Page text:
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Greensborough Patriot

Greensborough Patriot

Sep. 4, 1862

Page 2


Message of Gov. Moore, of Louisiana

            The Franklin (La.) Banner, of July 5th, contains the message of Governor Moore to the people of Louisiana in reference to the occupation of New Orleans by the enemy.

            The Governor refers to the anomalous condition of affairs established between the citizens of New Orleans and all other towns between the occupation of the enemy, and those of country Parishes, and says the only safe rule for their guidance is absolute non-intercourse—the entire suspension of communication by visit or for trade.

            In relation to the hanging of Mumford the Governor says: 

The noble heroism of the patriot Mumford has placed his name high on the list of martyred sons.  When the Federal navy reached New Orleans a squad of marines was sent on shore who hoisted their flag on the Mint.  The city was not occupied by the United States troops, nor had they reached there.  The place was not in their possession.  Wm. B. Mumford pulled down the detested symbol with his own hands, and for that was condemned to be hung by Gen. Butler after his arrival.  Brought in full view of the scaffold, his murderers hoped to appall his heroic soul by the exhibition of the implements of ignominious death. With the evidence of their determination to consummate their brutal purpose before his eyes, they offered him life on the condition that he would abjure his country, and swear allegiance to her foe.  He spurned the offer.  Scorning to stain his soul with such foul dishonor, he met his fate courageously, and has transmitted to his countrymen a fresh example of what men will do and dare when under the inspiration of fervid patriotism.  I shall not forget the outrage of his murder, nor shall it pass unatoned.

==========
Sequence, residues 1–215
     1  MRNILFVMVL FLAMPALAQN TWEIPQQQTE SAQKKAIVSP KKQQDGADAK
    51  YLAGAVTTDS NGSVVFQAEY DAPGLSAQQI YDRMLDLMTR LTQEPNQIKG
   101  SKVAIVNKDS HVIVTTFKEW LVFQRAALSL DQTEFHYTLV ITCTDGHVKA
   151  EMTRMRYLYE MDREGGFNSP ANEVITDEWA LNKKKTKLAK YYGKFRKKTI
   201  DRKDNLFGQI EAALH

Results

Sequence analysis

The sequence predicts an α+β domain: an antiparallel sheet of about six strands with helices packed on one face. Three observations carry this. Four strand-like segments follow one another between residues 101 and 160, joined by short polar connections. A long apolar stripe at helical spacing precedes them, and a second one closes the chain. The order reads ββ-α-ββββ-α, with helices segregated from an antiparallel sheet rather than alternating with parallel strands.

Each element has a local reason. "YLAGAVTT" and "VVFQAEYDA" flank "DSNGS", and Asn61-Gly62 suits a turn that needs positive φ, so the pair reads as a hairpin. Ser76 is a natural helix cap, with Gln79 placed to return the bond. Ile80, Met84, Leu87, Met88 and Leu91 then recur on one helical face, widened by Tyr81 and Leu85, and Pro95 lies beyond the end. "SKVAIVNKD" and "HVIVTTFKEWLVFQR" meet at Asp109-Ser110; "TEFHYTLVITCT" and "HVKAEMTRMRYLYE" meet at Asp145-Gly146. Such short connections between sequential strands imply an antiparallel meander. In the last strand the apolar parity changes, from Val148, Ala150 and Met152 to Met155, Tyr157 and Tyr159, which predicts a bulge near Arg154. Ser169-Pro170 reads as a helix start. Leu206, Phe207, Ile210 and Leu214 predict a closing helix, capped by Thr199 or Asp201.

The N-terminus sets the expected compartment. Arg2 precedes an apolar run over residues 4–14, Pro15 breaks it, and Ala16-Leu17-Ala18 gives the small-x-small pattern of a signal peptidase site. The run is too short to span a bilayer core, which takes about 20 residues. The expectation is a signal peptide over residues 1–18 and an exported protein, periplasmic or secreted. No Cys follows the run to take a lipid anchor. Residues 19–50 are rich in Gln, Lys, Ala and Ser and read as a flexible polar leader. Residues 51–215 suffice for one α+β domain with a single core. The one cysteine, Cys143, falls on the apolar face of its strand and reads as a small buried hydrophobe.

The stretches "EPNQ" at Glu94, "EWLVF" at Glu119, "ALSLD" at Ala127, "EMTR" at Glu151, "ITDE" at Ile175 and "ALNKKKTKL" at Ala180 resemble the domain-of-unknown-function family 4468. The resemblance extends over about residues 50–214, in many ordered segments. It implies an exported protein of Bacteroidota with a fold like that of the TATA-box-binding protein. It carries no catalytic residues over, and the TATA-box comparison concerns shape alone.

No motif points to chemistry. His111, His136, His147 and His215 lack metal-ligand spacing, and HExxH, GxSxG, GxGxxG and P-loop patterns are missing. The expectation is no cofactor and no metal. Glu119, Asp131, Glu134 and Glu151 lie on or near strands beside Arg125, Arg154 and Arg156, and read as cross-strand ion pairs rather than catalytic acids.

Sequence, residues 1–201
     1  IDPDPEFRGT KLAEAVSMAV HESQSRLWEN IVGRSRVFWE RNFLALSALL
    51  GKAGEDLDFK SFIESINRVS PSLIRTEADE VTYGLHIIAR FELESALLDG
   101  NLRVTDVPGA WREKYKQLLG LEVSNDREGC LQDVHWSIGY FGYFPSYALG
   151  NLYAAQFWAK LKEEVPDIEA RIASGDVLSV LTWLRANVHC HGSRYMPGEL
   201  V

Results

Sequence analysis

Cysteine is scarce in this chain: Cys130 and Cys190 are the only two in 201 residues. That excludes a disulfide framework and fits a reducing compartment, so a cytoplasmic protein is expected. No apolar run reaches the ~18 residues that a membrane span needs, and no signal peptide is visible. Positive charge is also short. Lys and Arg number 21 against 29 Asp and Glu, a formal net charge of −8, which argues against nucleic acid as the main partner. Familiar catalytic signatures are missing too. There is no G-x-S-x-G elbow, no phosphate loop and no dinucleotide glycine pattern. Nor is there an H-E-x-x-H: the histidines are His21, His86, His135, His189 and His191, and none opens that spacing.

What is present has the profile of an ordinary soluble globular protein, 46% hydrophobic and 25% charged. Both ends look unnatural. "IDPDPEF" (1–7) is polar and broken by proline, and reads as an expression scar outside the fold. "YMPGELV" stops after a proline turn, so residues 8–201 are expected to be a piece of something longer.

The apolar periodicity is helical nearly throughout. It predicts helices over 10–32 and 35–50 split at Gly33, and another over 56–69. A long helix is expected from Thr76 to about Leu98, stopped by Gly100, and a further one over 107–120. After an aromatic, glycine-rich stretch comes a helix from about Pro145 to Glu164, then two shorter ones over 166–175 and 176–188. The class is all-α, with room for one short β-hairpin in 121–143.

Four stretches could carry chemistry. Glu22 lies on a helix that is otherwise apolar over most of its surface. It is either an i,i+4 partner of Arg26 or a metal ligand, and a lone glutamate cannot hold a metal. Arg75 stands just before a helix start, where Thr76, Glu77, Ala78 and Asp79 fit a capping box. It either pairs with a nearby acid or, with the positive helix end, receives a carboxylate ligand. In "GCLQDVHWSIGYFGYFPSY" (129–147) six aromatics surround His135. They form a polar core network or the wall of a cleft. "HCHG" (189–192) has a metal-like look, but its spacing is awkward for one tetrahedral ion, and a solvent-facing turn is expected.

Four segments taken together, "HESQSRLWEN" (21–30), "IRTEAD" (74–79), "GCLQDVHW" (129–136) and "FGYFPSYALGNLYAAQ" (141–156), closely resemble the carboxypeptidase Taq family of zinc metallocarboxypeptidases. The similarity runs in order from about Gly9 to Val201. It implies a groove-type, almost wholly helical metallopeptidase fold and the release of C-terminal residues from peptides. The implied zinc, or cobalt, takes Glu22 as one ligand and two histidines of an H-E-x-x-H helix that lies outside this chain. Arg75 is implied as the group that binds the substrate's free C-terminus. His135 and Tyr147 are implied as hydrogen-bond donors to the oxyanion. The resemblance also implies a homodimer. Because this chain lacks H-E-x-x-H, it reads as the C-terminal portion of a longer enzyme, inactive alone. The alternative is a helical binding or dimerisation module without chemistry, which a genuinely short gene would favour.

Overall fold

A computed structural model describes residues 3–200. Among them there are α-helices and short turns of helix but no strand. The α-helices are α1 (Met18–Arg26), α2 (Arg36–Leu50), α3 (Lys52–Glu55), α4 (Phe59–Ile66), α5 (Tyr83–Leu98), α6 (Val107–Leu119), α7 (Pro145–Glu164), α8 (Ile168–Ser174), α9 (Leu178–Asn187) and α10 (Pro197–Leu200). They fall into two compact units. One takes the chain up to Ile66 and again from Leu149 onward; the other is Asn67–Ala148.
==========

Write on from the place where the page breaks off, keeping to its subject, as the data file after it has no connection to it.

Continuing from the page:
The Governor concludes his message as follows: 

I am not introducing any new regulations for the conduct of our citizens, but am only placing before them those that every nation at war recognizes as necessary and proper to be enforced.  It is needless, therefore, to say that they will not be relaxed.  On the contrary, I am but awaiting the assistance and presence of the General appointed to the Department to inaugurate the most effectual method for their enforcement.  It is well to repeat them:

            Trading with the enemy is prohibited under all circumstances.

Traveling to and from New Orleans, and other places occupied by the enemy, if forbidden.  All passengers will be arrested.

            Citizens going to those places, and returning with the enemy’s usual passport, will be arrested.

            Conscripts or militiamen, having in their possession such passports, and seeking to shun duty under the pretext of a parole, shall be treated as public enemies.  No such papers will be held sufficient excuse for inaction by any citizen.

            The utmost vigilance must be used by the officers and citizens in the detection of spies and salaried informers, and their apprehension promptly effected.


[Transcribed by Sharon Strout]


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